NAGOYA – Toyota Motor Corp. is expected to log a record operating profit for the current business year through March aided by the yen’s fall, which boosts export competitiveness, sources said.
The auto giant’s full-year operating profit is likely to reach ¥2.40 trillion or ¥2.50 trillion, eclipsing the previous record of ¥2.27 trillion marked in fiscal 2007 before the global financial crisis that erupted in 2008.
The dollar has been moving in the range higher than the company’s assumed annual exchange rate average of ¥97. Its operating profit rises ¥40 billion for every ¥1 decline against the dollar.
Cost-cutting as well as increased sales are other factors contributing to the robust earnings projection, according to the sources.
The upbeat earnings of Toyota, Japan’s largest automaker, is also contributing to the economic recovery.
In November, the carmaker raised its consolidated operating profit projection for fiscal 2013 from ¥1.94 trillion to ¥2.2 trillion, exceeding ¥2 trillion for the first time in six years.
On Wednesday, Toyota said its global group output in 2013 totaled a record 10.12 million vehicles, making it the world’s first automaker to exceed the 10 million mark.
The number of vehicles produced by Toyota and other group companies — Daihatsu Motor Co. and Hino Motors Ltd. — rose 2.1 percent from the previous year.
Increased production in North and South America, Europe, Asia and Australia more than compensated for an output decline in Japan, Toyota said.
The automaker is expected to lift its operating profit forecast for the full business year to March when it announces its April-December earnings on Feb. 4.
However, in the coming business year through March 2015, domestic sales are expected to drop due to the sales tax hike in April.
China parts sales rising
Tsubakimoto Chain Co., a Toyota Motor Corp. supplier, forecasts China auto parts sales to more than double in four years as carmakers including Volkswagen and General Motors raise orders to diversify supply chains.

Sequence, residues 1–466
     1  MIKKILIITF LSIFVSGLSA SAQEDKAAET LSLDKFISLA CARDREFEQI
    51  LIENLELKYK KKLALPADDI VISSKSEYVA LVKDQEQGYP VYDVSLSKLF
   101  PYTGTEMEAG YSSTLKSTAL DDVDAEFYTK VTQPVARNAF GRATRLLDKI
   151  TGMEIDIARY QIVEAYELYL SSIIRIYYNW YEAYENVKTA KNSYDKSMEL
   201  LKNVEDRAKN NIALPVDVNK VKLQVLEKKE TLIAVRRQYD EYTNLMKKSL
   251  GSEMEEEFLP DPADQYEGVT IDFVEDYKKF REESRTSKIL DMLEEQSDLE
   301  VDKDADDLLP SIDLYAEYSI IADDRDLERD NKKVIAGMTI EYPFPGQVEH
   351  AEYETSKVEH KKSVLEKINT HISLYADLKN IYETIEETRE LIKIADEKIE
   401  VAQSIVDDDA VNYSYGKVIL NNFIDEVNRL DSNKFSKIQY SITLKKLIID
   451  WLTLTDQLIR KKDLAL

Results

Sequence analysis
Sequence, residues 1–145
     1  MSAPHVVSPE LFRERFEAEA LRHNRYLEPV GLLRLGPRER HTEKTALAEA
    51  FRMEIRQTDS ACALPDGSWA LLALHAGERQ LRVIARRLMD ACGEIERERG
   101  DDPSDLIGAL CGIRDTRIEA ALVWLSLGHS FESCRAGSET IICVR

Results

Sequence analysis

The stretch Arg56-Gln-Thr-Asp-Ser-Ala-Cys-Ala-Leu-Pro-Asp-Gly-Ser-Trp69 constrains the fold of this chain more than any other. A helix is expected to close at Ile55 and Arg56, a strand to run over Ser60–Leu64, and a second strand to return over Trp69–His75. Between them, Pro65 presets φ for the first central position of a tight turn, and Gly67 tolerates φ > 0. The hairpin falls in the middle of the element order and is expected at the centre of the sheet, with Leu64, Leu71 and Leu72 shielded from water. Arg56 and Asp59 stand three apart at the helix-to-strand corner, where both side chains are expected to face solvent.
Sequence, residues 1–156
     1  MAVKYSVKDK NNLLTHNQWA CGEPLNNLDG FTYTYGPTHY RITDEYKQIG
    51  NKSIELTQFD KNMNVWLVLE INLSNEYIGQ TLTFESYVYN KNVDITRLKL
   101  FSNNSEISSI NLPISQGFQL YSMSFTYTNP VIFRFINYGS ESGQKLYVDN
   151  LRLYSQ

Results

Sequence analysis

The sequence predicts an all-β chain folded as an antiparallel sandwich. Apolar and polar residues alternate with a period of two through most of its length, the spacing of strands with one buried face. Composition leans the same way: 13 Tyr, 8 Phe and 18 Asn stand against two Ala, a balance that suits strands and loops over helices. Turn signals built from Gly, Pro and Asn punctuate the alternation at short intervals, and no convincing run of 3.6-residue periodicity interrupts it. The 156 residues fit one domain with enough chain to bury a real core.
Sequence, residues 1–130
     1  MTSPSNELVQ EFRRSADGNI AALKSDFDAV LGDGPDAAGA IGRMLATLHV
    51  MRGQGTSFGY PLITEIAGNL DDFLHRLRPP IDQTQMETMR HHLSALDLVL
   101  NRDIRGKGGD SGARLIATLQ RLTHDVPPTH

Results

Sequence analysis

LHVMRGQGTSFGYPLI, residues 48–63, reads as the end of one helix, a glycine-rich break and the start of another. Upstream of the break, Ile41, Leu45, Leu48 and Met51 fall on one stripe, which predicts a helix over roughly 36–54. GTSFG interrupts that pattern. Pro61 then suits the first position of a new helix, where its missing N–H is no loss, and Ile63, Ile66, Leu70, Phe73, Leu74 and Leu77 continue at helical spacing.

The maker of transmission chains and gears expects sales to jump to more than ¥12 billion by March 2018, Toru Fujiwara, managing executive officer, said in a recent interview. The board has approved plans for a new plant in China as early as this year, he said.
Tsubakimoto Chain plans to expand in China, where its auto parts sales are projected to reach ¥6 billion this fiscal year, fueled by GM and VW racing to become the No. 1 carmaker in the world’s biggest auto market.
As the German and U.S. carmakers compete in China, they are diversifying orders to reduce the risk of having just one supplier for each part, Fujiwara said.
“That would be a tailwind for us,” Fujiwara said in Osaka, where the company is based.
Net income will probably jump 25 percent to ¥9.3 billion for the year ending in March, according to the average of seven analyst estimates compiled by Bloomberg. Sales may climb 15 percent to ¥173 billion, the estimates show.
VW has said it will add seven car plants in China and increase production capacity there to 4 million vehicles a year by 2018. GM plans to invest $11 billion in China by 2016 and add four plants that will boost annual capacity to about 5 million units.
“As a global operating company, we work together with global operating suppliers,” said Larissa Braun, a spokeswoman for VW Group China in Beijing. “To secure globally stable and efficient supplier chains, we cooperate with the most competitive and cost-efficient supplier markets to improve continuously our costs.”
Orders from Japanese automakers in China led by Toyota are also expected to rise, Fujiwara said. Demand for Japanese vehicles in China has recovered from a consumer backlash stemming from the Senkaku Islands dispute.
Fujiwara said U.S. sales of auto parts will probably reach ¥17.5 billion in the year ending this March, then expand about 15 percent by March 2017. The company may have to consider adding capacity at its plant in Tennessee or building a new factory in the next three years, he said.
North America accounted for about 17 percent of Tsubakimoto Chain’s total revenue last fiscal year, according to data compiled by Bloomberg.